Pretty much at every tour people ask if the McKnight trench is build exactly as it would have been done during the Great War.
The quick answer is: Yes. We build the trench to using historic manuals and cross referenced historical images.
The trench is a composite of different types of trenches found. Due to limited space it combines fire trench, and service trenches.
What was a morning like in the trenches?
Well before twilight all men stand on the fire step. Stand to. This was the time a possible attack could happen.
When it was fully light the men stood down. Now the soldier’s daytime routine starts.
The best art of the morning is the rum ration. It has to be consumed instantly to prevent sharing and hoarding.
Next breakfast of corned beef, tinned stew, bread or biscuit. There is also syrup and jam.
Next stop is personal hygiene. Dirty men get diseases. A respirator does not close well over beard stubble. Whatever the temperature, winter or summer, the men have to keep themselves clean.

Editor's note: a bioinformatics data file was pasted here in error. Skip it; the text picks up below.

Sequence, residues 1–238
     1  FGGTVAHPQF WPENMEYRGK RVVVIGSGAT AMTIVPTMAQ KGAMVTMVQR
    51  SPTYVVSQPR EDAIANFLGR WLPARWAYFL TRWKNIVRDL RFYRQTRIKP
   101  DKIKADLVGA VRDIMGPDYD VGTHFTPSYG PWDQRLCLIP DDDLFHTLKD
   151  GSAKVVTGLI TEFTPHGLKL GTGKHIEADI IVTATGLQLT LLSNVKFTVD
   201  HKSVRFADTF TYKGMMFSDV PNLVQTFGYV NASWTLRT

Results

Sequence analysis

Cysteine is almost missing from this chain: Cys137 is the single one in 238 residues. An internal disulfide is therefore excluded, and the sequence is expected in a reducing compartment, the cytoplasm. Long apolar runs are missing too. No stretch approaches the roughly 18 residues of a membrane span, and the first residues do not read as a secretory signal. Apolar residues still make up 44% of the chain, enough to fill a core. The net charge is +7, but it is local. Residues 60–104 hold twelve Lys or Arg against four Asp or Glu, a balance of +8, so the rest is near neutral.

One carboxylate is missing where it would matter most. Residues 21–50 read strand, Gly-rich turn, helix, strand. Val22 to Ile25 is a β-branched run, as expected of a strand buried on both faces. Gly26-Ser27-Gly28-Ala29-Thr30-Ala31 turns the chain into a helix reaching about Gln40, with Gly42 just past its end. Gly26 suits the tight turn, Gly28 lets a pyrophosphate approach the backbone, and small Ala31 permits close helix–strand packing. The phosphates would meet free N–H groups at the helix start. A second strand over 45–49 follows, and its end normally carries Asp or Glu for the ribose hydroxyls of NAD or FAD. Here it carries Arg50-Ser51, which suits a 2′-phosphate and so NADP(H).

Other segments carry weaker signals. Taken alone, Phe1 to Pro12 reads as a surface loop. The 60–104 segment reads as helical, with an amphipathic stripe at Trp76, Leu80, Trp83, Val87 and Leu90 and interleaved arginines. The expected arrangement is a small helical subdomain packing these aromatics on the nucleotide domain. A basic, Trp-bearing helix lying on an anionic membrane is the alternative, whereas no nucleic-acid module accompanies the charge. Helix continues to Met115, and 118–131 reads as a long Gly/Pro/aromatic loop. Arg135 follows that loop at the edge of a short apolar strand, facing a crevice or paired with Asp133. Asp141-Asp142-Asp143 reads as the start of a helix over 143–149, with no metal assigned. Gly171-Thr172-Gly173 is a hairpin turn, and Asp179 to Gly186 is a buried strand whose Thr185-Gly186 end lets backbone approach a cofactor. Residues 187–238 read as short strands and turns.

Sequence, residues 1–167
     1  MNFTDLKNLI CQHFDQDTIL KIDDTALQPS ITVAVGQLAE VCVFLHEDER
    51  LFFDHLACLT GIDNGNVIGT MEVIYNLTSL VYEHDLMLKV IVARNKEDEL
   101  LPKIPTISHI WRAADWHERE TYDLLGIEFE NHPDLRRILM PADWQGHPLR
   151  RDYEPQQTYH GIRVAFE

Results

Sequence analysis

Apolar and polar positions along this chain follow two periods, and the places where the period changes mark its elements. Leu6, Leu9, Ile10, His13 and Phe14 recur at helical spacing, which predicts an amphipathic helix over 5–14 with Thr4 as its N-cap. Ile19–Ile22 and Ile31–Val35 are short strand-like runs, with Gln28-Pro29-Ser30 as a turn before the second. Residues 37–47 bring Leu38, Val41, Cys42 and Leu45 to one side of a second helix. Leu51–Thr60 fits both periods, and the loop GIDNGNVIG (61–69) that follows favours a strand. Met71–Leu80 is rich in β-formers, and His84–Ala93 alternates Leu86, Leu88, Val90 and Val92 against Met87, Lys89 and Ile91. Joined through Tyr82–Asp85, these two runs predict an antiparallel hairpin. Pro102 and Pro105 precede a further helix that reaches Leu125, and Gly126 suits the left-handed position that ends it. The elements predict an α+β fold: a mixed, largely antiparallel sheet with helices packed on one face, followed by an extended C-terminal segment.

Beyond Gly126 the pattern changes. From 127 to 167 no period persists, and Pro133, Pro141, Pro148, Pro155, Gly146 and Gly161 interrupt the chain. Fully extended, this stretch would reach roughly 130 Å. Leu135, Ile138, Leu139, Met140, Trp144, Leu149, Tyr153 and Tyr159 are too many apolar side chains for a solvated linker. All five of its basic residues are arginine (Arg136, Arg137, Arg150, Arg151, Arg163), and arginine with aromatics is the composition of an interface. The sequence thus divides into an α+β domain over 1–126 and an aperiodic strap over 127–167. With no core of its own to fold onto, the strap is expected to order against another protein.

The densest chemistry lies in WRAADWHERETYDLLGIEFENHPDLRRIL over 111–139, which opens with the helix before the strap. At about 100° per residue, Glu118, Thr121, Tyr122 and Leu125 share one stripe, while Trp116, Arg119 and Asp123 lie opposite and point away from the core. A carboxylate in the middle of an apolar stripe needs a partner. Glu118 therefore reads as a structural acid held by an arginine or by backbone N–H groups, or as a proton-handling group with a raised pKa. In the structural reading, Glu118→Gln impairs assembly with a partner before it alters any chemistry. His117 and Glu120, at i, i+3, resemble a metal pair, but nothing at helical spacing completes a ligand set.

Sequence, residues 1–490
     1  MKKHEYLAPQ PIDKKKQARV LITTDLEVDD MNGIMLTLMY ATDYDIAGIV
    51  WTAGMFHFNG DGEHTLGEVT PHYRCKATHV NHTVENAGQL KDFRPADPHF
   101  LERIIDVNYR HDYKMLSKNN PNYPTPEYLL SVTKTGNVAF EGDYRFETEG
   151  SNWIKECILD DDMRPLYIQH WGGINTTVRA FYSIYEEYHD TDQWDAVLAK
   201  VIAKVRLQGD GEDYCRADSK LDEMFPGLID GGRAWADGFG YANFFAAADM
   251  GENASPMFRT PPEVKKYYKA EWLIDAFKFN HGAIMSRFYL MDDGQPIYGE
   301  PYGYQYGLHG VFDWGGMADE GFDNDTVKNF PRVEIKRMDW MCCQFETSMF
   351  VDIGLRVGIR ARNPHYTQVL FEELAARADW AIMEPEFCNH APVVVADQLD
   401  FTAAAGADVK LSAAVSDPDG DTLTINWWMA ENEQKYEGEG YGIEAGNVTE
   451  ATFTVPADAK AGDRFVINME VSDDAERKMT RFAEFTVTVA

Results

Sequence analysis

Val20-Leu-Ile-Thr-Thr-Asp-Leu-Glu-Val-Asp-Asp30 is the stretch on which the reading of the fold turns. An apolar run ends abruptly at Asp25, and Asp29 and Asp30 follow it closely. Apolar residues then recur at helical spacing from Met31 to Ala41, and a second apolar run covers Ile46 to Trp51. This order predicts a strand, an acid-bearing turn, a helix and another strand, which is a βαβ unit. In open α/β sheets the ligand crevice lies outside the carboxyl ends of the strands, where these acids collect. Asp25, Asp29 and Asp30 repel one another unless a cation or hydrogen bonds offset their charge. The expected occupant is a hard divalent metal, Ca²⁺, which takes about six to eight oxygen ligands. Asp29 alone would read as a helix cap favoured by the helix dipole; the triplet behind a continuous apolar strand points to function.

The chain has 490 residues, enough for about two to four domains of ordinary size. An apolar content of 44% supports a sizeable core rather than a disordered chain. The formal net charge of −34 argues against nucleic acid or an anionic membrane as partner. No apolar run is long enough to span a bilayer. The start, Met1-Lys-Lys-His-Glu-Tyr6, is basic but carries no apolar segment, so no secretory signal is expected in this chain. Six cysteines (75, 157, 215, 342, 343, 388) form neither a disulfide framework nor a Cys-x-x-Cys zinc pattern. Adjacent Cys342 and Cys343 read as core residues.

The next important duty is recycling. Every morning soldiers are responsible to collect tin cans, ammunition cases, anything that does not belong to their fellow soldiers.
Unfired ammunition is cleaned and empty shells would collected and eventually be melted down. Gunners were expected to return fired shells for refilling.
Most battalions have their own salvage dump.
The recycling was necessary because during the Great Was every resource was precious.
Next weapons have to be cleaned.
In the trench sights are always set to 200yrds (182m) to ensure that targets in no man’s land can be hit.
More trench routines soon….
A fabulous day at the trench thanks to the many visitors today.
This is really what makes all the efforts worthwhile. Sharing history and thanks to the trench bringing it to life.